The new administration will have to look at urgent social interventions as well as to invest in both rural and urban planning, so that we have modern settlements with basic infrastructure. I am aware of the challenges that our urban local authorities are facing, especially after that populist Zanu PF decision to write off all debts ahead of the 2013 election. That decision has grossly affected the councils’ capacity to deliver. Any new administration has to have fool-proof intervention mechanisms in social services. Health, education, water and sanitation have to take priority in this regard to enable a situation where affordable services are guaranteed.
The party’s focus in 2017
Next year, our programmes will centre on strengthening the party and preparing for elections. All provinces have to prepare for the next election, starting with a massive turnout when voter registration kicks off early next year. We will also raise the bar in the demand for comprehensive reforms ahead of the next election so that our polls become free, fair and credible.
Early next year, we will hold our policy council, where we will unveil the policy programme of the new government, including what the new government will do in its first 100 days in order to positively impact on the lives of the people. Next year, we have to show massive people traction in whatever we do as a party and that we are christening 2017, The Year of the People’s Power. Indeed, igore remasimba evanhu.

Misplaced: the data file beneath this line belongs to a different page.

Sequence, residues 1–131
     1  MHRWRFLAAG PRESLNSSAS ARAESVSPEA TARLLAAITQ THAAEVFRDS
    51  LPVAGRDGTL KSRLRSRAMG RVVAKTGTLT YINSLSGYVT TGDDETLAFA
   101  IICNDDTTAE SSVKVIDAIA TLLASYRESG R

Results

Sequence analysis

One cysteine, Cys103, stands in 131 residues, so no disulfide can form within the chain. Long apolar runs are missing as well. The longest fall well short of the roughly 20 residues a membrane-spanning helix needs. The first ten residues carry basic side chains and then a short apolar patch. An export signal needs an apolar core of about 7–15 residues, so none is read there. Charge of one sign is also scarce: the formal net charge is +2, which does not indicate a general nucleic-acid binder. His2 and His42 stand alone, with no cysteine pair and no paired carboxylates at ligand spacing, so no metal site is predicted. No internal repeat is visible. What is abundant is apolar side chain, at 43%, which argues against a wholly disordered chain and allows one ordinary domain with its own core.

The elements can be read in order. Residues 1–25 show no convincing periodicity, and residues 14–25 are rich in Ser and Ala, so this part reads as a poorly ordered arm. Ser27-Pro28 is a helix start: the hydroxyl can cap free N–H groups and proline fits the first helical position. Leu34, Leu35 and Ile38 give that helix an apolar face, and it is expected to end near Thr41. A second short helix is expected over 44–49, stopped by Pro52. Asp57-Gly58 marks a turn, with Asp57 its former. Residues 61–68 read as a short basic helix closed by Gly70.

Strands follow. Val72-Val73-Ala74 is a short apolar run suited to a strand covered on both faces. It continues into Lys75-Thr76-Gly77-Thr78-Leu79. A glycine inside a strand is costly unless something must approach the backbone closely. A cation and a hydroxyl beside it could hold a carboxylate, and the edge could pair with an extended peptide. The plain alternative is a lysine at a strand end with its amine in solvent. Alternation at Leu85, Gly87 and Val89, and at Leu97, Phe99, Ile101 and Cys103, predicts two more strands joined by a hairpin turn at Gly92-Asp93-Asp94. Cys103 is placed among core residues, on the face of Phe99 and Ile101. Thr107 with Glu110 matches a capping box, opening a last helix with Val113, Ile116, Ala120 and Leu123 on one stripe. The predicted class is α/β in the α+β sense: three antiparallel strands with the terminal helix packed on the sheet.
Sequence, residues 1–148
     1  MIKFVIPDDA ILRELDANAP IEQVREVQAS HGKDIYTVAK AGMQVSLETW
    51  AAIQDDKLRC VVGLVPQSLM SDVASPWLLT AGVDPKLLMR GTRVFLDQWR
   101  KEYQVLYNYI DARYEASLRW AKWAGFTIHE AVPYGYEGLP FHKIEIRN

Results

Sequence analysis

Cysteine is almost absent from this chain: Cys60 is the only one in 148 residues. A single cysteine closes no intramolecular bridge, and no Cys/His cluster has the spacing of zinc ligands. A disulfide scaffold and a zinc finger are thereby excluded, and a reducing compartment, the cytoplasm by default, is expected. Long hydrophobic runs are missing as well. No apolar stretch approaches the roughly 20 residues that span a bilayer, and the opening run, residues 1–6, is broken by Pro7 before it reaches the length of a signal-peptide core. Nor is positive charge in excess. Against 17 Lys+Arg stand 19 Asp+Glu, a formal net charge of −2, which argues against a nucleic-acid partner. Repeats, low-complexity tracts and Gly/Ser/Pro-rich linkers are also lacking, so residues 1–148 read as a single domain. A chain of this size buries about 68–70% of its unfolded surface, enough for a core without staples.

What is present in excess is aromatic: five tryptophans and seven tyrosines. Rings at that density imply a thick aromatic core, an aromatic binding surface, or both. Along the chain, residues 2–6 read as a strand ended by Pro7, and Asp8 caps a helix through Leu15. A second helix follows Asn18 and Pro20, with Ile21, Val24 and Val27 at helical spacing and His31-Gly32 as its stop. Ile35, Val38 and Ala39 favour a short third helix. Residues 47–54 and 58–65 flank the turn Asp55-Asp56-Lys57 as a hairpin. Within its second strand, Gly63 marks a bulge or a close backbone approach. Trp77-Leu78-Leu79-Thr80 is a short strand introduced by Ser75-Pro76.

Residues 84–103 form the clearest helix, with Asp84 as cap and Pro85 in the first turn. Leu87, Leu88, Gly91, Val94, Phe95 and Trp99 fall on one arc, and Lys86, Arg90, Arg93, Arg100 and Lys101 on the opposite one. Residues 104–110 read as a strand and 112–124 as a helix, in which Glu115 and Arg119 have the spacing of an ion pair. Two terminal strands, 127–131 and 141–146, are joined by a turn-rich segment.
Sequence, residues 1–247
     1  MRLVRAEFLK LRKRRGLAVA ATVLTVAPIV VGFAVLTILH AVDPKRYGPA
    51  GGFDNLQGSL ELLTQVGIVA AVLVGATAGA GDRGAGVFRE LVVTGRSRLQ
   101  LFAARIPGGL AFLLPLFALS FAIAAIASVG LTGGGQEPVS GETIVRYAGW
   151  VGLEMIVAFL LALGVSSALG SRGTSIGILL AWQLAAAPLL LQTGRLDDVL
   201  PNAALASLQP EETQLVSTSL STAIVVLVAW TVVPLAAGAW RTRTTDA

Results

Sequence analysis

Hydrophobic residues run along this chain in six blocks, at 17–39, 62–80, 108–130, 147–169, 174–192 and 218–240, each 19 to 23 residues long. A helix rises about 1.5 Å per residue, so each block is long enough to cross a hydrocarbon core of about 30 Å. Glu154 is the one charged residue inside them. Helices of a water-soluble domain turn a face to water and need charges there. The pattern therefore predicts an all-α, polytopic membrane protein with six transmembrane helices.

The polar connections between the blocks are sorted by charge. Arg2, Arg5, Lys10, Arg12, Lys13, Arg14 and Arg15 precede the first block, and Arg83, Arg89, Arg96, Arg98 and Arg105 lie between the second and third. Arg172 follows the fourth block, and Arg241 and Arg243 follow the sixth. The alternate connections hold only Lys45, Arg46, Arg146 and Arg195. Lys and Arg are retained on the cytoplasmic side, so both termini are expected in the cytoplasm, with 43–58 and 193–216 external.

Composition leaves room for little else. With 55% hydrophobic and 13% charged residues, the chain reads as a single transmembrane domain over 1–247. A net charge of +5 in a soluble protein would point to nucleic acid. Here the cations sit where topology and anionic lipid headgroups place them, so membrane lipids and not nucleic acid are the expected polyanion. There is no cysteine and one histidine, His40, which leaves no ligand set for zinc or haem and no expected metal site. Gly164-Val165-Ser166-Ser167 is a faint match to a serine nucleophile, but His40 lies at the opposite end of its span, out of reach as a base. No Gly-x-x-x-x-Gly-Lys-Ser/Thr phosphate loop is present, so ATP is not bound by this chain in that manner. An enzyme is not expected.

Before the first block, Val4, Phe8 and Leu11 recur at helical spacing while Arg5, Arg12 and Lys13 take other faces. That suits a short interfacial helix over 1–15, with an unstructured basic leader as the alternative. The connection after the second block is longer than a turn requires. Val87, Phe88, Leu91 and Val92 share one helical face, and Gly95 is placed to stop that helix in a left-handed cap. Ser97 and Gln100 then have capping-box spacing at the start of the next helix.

I wish to conclude by urging to the youth of this country to fully participate in the politics of their country. It is no use being lied to everyday that you are the leaders of tomorrow when tomorrow is under serious threat from the leaders of today.
We run the risk of raising a lost generation—a generation that wants jobs but that is scared to demand them. Remember this government promised to create 2,2 million jobs but has created 2,2 million struggling vendors instead. I urge all the young people to take part in the affairs of their country by registering to vote and determining their own future. This is the time when we expect dancehall musicians to create new lyrics that urge the youth to register and vote.
To the young generation, I say you can only deal with your dire poverty if you register to vote this government out of office in 2018.
This is the challenge I give to the young people and to all Zim-dancehall chanters. You must chat and tweet your way into a new Zimbabwe in a big way by urging each other to register to vote in your millions. To all Zimbabweans in the villages and in the towns, I know the suffering we are all facing. I know that whole families are surviving on less than a dollar a day. I am aware of the grinding poverty in the villages and in the towns. Let us brace for an even tougher 2017. Let us shake the foundations of this repression and come out in our millions to register to vote and on the actual voting day so that we can collectively and decisively determine our future.
Let us take advantage of this holiday to sit down and caucus as families and debate whether as a people we really deserve this suffering. After all, we are a nation of heroes. Repression knows no colour. We fought repression and we can do it again.
Indeed, the future can only be in our open hands. I wish I could say “Merry Christmas” but I can’t.
Yesterday, we met as a party and agreed to work with other political parties in a coalition to deal with this Zanu PF menace. The national council yesterday adopted principles that will guide us in our discussions with other political entities.
It is a cause to cheer this Christmas that our party, consistent with our Congress resolutions, will work with like-minded political organizations to create a common electoral front in 2018.
We owe it to future generations to work together in confronting common challenges.
See you next year.